Attractions as diverse as a ‘why sharks matter’ competition, ‘the science of whisky’ and smashing a world record for firing potatoes at high speed with a spud bazooka, ensured the ninth New Zealand International Science Festival more than delivered on its promise to ‘leave boring behind’.
The festival featured innovative community events that helped celebrate science and cement the reputation of Dunedin as a city of learning and discovery. Visiting international and national guests, leading experts and students from the University of Otago, Otago Polytechnic, Otago Museum and many other partner organisations led discussions, presentations and interactive workshops across the city, with four guests going on to give satellite events at Auckland Museum.
Over 120 events were staged during the festival, with 90 per cent of them being offered free. A large number of workshops designed to appeal to all age groups were held during the nine days of the festival. Popular events included Australian science-show performer Dr Graham Walker, supported by Cooke Howlison Toyota, and Dunedin’s sister city Edinburgh-based stunt scientist Tom Pringle – otherwise known as Dr Bunhead – supported by Mitre 10 MEGA, presenting his DIY family event and propulsion themed Blast Off show, to capacity crowds.
Beginning on Saturday, July 5, the festival culminated on Sunday, July 13 on the Dunedin waterfront with a marine science day – dubbed ‘fish and ships’ – led by the University of Otago. It included workshops, talks by experts including Malcolm Francis from NIWA and marine explorer Ryan Johnson, displays and hands-on activities for all ages.
Festival director Chris Green said that the 2014 festival was more diverse than ever before, with an impressive line-up of international science stars from around the globe creating a huge demand for both free and ticketed events.
“This year’s festival saw international scientists working with local scientists to deliver interactive presentations – from evening talks for students, families and adults, to hands-on events for kids, teenagers and young professionals – to hopefully inspire the next generation of young scientists.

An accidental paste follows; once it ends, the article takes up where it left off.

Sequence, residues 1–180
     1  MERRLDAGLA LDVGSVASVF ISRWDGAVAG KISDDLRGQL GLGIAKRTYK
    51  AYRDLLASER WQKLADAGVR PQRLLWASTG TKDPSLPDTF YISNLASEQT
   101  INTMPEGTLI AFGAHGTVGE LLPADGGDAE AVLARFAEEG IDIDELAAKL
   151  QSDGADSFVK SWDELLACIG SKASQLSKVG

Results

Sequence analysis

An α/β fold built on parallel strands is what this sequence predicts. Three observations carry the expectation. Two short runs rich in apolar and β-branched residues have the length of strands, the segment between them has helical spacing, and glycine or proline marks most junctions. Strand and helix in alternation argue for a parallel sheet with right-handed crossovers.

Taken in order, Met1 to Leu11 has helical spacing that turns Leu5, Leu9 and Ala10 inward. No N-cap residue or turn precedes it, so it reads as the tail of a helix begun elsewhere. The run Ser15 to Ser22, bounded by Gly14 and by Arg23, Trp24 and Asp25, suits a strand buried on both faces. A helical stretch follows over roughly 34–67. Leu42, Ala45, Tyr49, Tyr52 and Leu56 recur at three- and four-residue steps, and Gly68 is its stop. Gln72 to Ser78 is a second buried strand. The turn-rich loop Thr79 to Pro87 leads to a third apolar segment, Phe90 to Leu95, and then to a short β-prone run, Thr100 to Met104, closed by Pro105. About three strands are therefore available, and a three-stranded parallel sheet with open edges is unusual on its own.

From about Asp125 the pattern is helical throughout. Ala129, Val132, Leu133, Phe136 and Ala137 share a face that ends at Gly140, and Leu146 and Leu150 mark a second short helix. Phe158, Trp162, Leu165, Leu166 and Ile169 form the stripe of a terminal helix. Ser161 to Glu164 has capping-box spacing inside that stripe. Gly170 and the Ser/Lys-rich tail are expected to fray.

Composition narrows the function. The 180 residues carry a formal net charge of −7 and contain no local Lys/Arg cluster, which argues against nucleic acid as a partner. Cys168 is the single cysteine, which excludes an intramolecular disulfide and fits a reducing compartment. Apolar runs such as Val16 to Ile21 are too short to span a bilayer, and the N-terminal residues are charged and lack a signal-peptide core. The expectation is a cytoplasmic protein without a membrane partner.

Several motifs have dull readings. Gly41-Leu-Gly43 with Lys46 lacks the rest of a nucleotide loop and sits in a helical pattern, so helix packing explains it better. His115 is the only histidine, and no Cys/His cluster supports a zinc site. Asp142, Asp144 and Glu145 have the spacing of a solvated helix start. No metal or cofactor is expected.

“We’ve reached a wide range of audiences with an increased focus on teenagers, working with sponsors to create location- based events, and take science to the community, with demos in the Wall Street Mall, and kids’ workshops in libraries and other locations around the city,” Mr Green said.
Festival highlights included an evening on sustainability with Professor Terry Collins, billed as the world’s first ‘green’ chemistry lecturer, supported by the University of Otago and University of Auckland, Division of Sciences; presentations by UK science communicator and brain trauma victim James Piercy, supported by Otago Museum; and workshops and presentations by Kiwi expat Ryan Johnson, marine explorer, white shark scientist and National Geographic documentary filmmaker.
Alongside the ‘science of whisky’ and ‘great fermentations’ events for adults, the festival hosted popular workshops for kids, teens and families including a ‘science of sport’ night, ‘dining in the dark’, ‘fight like a physicist’, ‘anatomy of a crime scene investigations’, and a ‘learn about the heart’ session.
The festival was framed by a stand-out University of Otago Science Expo on the first weekend. A display of technology and design presented by Otago Polytechnic and a Bio Blitz event which provided a snapshot of life in Dunedin’s Botanic Garden and attempted to record as many living species as possible, took place over the final weekend.
Winners of the ‘Sharklab’14 ‘why sharks matter’ competition were Jessica Naidu (Years 1-6), Kyla Smith (Years 7-8) both from Liberton Christian School, Dunedin; Alexander McAdam and Hamish King (Years 9-13) and Kathy Richards (out of school) also both from Dunedin, winning GoPro equipment from Photo Warehouse. The judging panel consisted of white shark expert and festival guest Ryan Johnson; Damian Newell, More FM; Adelle O’Neill from the University of Otago Marine Science Department and Riley Hathaway (13 years) a TV presenter from Young Oceans Explorers. Winners’ entries can be found at: http://www.scifest.org.nz/competitions/sharklab-14/the-winners.
The 2014 New Zealand International Science Festival was sponsored by two major funding partners, the University of Otago and the Dunedin City Council.